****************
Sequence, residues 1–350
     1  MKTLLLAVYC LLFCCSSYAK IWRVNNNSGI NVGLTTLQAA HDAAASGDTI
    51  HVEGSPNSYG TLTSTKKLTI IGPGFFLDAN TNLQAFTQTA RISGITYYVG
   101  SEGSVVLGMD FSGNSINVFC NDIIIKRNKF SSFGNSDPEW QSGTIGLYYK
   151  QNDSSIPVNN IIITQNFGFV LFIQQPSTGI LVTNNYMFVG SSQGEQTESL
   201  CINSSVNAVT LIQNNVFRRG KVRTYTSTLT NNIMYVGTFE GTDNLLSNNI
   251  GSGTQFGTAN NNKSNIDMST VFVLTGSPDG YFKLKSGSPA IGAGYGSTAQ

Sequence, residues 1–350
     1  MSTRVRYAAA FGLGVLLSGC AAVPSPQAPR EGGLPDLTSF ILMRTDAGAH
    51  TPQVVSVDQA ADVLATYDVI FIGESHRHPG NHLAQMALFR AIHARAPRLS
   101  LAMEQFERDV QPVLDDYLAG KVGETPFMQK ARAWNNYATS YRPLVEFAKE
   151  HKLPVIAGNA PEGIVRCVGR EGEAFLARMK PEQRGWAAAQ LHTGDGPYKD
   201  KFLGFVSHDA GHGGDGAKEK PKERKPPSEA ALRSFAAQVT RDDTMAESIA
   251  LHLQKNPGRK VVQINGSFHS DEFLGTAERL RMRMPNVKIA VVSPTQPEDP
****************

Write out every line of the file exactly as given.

Sequence, residues 1–350
     1  MKTLLLAVYC LLFCCSSYAK IWRVNNNSGI NVGLTTLQAA HDAAASGDTI
    51  HVEGSPNSYG TLTSTKKLTI IGPGFFLDAN TNLQAFTQTA RISGITYYVG
   101  SEGSVVLGMD FSGNSINVFC NDIIIKRNKF SSFGNSDPEW QSGTIGLYYK
   151  QNDSSIPVNN IIITQNFGFV LFIQQPSTGI LVTNNYMFVG SSQGEQTESL
   201  CINSSVNAVT LIQNNVFRRG KVRTYTSTLT NNIMYVGTFE GTDNLLSNNI
   251  GSGTQFGTAN NNKSNIDMST VFVLTGSPDG YFKLKSGSPA IGAGYGSTAQ

Sequence, residues 1–350
     1  MSTRVRYAAA FGLGVLLSGC AAVPSPQAPR EGGLPDLTSF ILMRTDAGAH
    51  TPQVVSVDQA ADVLATYDVI FIGESHRHPG NHLAQMALFR AIHARAPRLS
   101  LAMEQFERDV QPVLDDYLAG KVGETPFMQK ARAWNNYATS YRPLVEFAKE
   151  HKLPVIAGNA PEGIVRCVGR EGEAFLARMK PEQRGWAAAQ LHTGDGPYKD
   201  KFLGFVSHDA GHGGDGAKEK PKERKPPSEA ALRSFAAQVT RDDTMAESIA
   251  LHLQKNPGRK VVQINGSFHS DEFLGTAERL RMRMPNVKIA VVSPTQPEDP